posted by waving at 12:12 PM on May 1, 2019 [2 favorites]

Try re-framing your statement, it is, as you correctly note - an oxymoron. When we tell ourselves *not* to forget something, the brain often leaves out the "not", and thus 'tell's us to forget that very thing! Brains are weird.
Instead, tell you self to "remember to pack this stuff", "remember to look around before I leave " - I KNOW this 'requires you to remember', but you're telling yourself to remember, not forget - it often works!
(it also drives me crazy when important reminders are posted as "Don't Forget to !")

posted by dbmcd at 12:14 PM on May 1, 2019 [2 favorites]

There are a variety of electronic devices you can stick onto stuff that makes noise if the stuff gets more than 5 metres from you?

That sounds ideal! They need a smartphone to work though.
posted by Murderbot at 12:16 PM on May 1, 2019

waving: "You could drastically minimize what you carry. Can you get by with your phone and one small bag. You don't need to bring toiletries if the hotel has them, clothes can often be worn a couple of times before washing so you really don't need to pack much more than a couple fresh shirts, undergarments and a comb. The less you have to pack, carry around and keep track of the easier it will be to not lose your stuff."

If remembering is the thing and the suggestions are just other kinds of remembering, bring less. Much less. When I go to a Grateful Dead concert, I only bring what I need and can afford to lose. That comes down to just like a $20 bill (or a few), my picture ID and one credit card just in case. Keys I leave in the car or at home stashed in the bushes or something so that they are in location where I will need them. I may bring my phone if I am expecting to hook up with someone, but if not, I ain't talking to anyone anyway during the show so why bring it.

For traveling, go minimal. Usually the hotel will have sample sizes for you or you can usually find a place to buy what you need when you get there. For reasons other than remembering, I have shipped my bags home. FedEx picked up at the hotel and delivered a few days later. Did not need to remember anything about it.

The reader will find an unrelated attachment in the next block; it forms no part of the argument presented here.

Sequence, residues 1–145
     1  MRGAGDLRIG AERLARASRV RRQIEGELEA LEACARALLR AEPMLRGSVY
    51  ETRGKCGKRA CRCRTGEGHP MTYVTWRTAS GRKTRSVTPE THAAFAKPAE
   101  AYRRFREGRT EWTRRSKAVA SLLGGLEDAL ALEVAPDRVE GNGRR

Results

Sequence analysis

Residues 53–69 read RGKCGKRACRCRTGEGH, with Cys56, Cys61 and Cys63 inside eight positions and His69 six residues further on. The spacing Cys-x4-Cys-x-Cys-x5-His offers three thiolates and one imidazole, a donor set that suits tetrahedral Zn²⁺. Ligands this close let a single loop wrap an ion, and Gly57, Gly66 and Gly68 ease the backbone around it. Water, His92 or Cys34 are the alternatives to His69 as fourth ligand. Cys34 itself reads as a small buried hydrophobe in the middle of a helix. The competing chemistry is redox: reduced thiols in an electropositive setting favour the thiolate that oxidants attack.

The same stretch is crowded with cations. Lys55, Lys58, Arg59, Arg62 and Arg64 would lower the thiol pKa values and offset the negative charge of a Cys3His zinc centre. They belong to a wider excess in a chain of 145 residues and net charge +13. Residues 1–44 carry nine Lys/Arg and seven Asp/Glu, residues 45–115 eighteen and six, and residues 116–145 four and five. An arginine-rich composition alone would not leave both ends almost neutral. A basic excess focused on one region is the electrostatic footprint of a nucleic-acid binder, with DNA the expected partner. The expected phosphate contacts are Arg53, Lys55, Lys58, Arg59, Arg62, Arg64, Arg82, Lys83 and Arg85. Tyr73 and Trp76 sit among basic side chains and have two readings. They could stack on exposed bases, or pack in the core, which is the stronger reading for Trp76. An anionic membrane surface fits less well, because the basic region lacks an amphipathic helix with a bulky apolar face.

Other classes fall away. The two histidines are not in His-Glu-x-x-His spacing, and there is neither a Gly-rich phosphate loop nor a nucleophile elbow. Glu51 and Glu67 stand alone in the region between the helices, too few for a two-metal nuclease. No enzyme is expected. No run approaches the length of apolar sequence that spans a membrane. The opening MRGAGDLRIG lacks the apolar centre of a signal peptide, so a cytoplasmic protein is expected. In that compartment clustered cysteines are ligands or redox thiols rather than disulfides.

Bring less and what you do bring, tether to your body.
posted by AugustWest at 12:28 PM on May 1, 2019 [1 favorite]

Generally, "thanks", all.

There appears to be a fundamental diff between general forgetfulness and being distractable-into-forgetting while in certain debilitated conditions. That's why meta-remembering works for some better than it does for me. When sleepy I lack multi-threading - which they retain, but must be trained to extend to possession management. Very different scenarios/faculties.

N.b. this is the longest thread without a single favoriting I've ever seen. Lots of people seem to share my issue, but none appear interested in logging solutions! Or maybe they just forgot?
posted by Quisp Lover at 12:32 PM on May 1, 2019

I've also heard of people writing a number in texta on their hand -

eg if you have jacket + 2 bags, you write "3"

and every time you stand up to move from one location to another, you check that you have that number of things before you walk away.
posted by Murderbot at 12:35 PM on May 1, 2019 [5 favorites]

Always look back. It will take time to train, but do it every single time you stand up from anywhere. Standing up from the kitchen table in your own home - look back. Standing up from the toilet, look back. It takes less than a second once it’s reflex and you will do it automatically when the call for a gate change happens. I know it’s not a fast fix and it sounds like remembering one more thing. But it is a long term solution. And if you are like this now, you will only get more forgetful as you age and building the habit now will save you a lot of grief later.